The company’s progress as yet hasn’t impressed investors. The company’s stock is trading for about 6 cents a share, less than half its value a year ago. Barnhizer owns 5 percent of the company’s stock.
The stock doesn’t meet the financial requirements to trade on a large stock exchange. It is among the thinly traded stocks that are known as over-the-counter stocks, with transactions being handled by brokers.
Barnhizer said he expects investor interest to build once a major corporation adopts NanoLogix’s technology.
NanoLogix uses two methods for providing rapid detection. Both were developed by Sergey Gazenko, a microbiologist who works for the company in Cincinnati.
In a test using a petri dish, a microorganism is placed into a nutrient solution and given time so that it grows enough to be seen. Growth of the organism indicates a positive test.
One of the new tests developed by Gazenko uses a membrane that speeds up the process. The membrane keeps the microorganism on top but allows the nutrients to flow up so the microorganism can grow. This allows a concentrated form of the microorganism to be placed on the membrane. A staining is used to reveal growth under a microscope.
The second method uses tubes instead of dishes. A small disk with many tiny holes is coated with antibodies of the microorganism that is being tested for. If the microorganism is present, it will adhere to the disk and will show up as fluorescent.
Barnhizer said the first method is likely to be more popular because it is an extension of the existing petri dish.
Also, the use of dishes is less expensive. Dishes are to be sold for about $3.50 each, which is about $1 more than a traditional petri dish. The disks used in the second method cost $96 each, but they are reusable.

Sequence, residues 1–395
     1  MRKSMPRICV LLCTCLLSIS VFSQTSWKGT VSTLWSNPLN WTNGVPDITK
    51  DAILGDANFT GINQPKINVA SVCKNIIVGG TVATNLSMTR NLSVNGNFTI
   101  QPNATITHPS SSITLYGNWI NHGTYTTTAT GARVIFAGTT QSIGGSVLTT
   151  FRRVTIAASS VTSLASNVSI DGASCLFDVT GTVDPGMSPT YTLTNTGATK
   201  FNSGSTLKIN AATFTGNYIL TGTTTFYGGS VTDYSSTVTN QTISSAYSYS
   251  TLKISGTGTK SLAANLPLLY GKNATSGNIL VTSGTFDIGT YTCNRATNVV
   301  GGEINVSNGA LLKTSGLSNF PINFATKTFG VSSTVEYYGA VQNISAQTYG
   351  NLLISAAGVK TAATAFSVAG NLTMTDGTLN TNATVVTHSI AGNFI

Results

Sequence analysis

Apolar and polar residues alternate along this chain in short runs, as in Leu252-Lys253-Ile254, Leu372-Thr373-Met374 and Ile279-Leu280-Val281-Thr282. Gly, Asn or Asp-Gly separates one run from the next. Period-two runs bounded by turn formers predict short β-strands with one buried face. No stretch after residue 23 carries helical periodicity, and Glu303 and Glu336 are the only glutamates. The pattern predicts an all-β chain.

Although its products are just being introduced, NanoLogix was founded in 1989 under the name Infectech. It was formed in Sharon, Pa., by Dr. Mitchell Felder, a neurologist, and Dr. Robert Ollar, a mycrobacterioloist who is still on the company’s board of directors. Dr. Ollar is the director of the core molecular biology program at St. Vincent’s Hospital in Manhattan.
Barnhizer, a Mahoning Valley native, was overseeing the European operations of a Canadian oil and gas exploration company in 2005 when he first heard of the local company. His brother, a patent lawyer, told him about the patents that the local company had in alternative energy.
Barnhizer said he quickly invested $560,000 in company stock after speaking with another brother who was a county planner in Erie, Pa. NanoLogix is working with Welch’s and Gannon University in Erie on a project that produces electricity from a generator that runs on hydrogen. The hydrogen comes from bacteria that eat sugar residue in juice tanks at a Welch’s plant in Erie.
As he grew more familiar with the company, Barnhizer pushed to create marketable products out of its patents. In March 2007, he got the support of other shareholders and was named chief executive of the company.
Despite his initial interest in the energy project, Barnhizer shifted the focus of the company away from the hydrogen project and onto the medical testing because he saw more near-term revenue potential in that area.
He also moved the company to Hubbard to be closer to his home in Poland. Barnhizer said he intends to keep the company in the Mahoning Valley.
“This is an area where people would appreciate a high-tech job,” he said.